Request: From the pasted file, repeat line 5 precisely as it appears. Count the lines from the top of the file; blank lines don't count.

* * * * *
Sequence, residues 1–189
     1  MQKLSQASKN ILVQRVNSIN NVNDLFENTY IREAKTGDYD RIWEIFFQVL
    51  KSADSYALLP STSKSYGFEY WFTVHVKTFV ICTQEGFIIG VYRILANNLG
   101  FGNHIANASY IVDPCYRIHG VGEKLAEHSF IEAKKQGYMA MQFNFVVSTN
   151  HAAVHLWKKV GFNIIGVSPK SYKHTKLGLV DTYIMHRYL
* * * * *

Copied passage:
   151  HAAVHLWKKV GFNIIGVSPK SYKHTKLGLV DTYIMHRYL